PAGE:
Chişinău is not for the faint-hearted. Tourists are few and far between and every time I open my mouth, people laugh. Not a ha ha amused laugh – but a ‘hey … poor you – you get to deal with her’ laugh. It’s just a tad disconcerting. They’re all very friendly but it’s like being the butt of a huge joke that everyone else gets and I don’t. People stop and stare when I take photos – just to see what it is that’s caught my eye. This shack, for instance, has been there since 12 July 2010 – ‘there’ being the steps of the Moldovan parliament building. In it lives a survivor of the Transnistrian war of 1992.
To my shame, this is the first I’ve heard of this forgotten conflict. I know I can’t know everything, but as happened last year in Lithuania, I am once again left wondering how much I missed out on when I was in the USA. The war itself ran from April to July of 1992. Transnistria used to be part of the Soviet Moldovian Republic, sandwiched between the Ukraine and Romania, with a population fairly equally divided between Russians, Ukranians, and Moldovians. When Moldova declared its independence, with Romanian as the official language, a growing nationalism in the region of Transnistria claimed autonomy with Russian as a second official language. Ethnic Moldovans were in the minority there. An interesting line from Wikipedia (with a source cited so it must be true 🙂 ) says: While some believe that the combination of a distinct history (especially 1918 – 1940) and a fear of discrimination by Moldovans, gave rise to separatist sentiments, others believe that ethnic tensions alone fail to account for the dynamics of the conflict. According to John Mackinlay and Peter Cross, who conducted a study based on casualty reports, significant numbers of both Transnistrians and Moldovans fought together on both sides of the conflict. They suggest that the conflict is more political in nature.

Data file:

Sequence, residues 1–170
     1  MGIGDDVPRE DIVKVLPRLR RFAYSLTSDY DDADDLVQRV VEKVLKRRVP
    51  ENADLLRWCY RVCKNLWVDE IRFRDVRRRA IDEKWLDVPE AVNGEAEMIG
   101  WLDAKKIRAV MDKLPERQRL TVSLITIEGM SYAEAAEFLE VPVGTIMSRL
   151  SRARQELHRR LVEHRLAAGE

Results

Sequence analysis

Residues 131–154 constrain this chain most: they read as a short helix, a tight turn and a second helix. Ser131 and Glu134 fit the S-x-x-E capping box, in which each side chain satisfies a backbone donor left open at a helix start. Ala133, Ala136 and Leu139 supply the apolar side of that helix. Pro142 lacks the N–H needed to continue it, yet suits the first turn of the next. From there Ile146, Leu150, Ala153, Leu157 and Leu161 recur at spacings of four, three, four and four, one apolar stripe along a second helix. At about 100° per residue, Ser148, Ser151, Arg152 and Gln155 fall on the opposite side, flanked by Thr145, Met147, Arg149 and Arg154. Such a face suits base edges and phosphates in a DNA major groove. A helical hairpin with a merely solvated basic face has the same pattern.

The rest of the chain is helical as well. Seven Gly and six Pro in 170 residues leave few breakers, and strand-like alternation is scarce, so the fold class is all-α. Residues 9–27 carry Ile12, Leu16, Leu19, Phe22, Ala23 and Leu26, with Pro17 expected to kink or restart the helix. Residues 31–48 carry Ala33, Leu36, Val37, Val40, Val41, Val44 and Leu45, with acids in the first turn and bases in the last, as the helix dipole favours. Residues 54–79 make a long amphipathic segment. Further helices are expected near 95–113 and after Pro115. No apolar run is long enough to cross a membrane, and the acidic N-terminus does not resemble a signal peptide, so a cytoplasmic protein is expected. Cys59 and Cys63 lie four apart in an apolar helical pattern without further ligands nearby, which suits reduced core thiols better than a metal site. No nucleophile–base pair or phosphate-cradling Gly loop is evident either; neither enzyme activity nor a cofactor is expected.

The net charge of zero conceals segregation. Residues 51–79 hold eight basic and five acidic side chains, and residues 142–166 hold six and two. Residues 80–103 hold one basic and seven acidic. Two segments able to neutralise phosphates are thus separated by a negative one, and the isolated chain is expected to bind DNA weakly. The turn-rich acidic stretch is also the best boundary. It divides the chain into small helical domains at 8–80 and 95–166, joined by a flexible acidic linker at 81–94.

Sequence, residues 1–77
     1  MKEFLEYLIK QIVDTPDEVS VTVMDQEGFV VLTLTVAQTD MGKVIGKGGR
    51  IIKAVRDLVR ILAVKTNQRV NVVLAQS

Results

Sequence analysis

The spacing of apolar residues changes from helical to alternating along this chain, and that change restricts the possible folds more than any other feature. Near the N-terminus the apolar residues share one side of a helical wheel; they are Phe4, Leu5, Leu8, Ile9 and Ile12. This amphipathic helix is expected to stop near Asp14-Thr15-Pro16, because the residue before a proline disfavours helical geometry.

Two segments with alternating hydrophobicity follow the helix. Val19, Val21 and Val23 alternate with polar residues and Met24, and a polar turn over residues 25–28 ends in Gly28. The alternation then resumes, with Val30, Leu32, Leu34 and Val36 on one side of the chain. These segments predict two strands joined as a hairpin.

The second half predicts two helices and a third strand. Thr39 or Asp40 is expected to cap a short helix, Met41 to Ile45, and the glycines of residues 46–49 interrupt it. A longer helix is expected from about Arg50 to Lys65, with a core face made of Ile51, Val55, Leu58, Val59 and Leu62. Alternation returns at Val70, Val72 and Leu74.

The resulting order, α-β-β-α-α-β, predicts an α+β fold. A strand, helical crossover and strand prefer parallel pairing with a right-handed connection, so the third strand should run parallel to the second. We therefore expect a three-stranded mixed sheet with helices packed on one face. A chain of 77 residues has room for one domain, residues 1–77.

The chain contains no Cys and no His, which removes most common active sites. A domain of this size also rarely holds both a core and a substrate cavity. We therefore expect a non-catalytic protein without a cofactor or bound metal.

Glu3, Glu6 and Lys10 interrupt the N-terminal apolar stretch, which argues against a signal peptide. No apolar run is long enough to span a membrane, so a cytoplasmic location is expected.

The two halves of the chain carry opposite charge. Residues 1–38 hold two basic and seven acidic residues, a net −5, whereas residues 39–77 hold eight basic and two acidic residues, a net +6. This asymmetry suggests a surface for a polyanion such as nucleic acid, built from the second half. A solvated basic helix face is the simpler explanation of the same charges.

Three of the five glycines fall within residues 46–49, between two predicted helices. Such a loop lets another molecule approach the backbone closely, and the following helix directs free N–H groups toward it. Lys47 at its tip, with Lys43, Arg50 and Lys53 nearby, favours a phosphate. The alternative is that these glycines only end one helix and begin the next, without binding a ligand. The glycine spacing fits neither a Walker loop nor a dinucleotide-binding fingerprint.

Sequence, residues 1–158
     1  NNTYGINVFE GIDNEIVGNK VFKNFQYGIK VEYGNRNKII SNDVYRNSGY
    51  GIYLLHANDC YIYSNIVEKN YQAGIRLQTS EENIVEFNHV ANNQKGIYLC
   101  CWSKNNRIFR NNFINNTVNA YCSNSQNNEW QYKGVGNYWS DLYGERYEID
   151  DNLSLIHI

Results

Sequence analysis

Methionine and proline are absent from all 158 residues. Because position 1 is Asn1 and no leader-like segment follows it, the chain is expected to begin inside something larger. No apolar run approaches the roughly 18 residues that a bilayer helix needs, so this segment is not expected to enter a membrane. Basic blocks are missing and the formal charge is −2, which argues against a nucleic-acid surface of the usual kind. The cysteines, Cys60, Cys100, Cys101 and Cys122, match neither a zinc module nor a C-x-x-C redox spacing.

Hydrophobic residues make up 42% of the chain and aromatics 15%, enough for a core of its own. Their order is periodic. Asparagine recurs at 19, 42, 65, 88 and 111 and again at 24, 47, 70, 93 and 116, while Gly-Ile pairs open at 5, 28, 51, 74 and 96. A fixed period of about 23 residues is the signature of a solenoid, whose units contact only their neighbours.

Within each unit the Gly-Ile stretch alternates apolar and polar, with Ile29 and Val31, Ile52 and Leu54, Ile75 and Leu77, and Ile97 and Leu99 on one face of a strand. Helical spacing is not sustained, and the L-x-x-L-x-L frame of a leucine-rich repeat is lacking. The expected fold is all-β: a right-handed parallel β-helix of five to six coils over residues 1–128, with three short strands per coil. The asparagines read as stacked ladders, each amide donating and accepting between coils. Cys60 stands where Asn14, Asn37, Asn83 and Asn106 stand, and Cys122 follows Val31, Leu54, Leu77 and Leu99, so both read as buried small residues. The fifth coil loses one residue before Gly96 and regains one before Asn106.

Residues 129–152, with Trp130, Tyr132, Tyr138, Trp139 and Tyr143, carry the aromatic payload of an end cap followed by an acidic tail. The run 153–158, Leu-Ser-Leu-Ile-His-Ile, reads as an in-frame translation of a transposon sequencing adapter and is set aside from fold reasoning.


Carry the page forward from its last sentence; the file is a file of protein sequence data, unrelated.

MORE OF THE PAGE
And, while around that time the union of Romania and Moldova seemed likely (what with the adoption of the Romanian national anthem and the Latin Romanian alphabet) Russian speakers must have felt that they would be exclused from public life were this to happen. And so the war began with Russian and the Ukraine supporting Transnistira and Romania supporting Moldova. No prizes for guessing who won. A ceasefire was signed on 21 July and since then Transistria has been an unrecognised state… well, it’s recognised by two UN non-members: Abkhazia and South Ossetia and yes, you’re right in thinking that I have never heard of them before, either.
The mind boggles.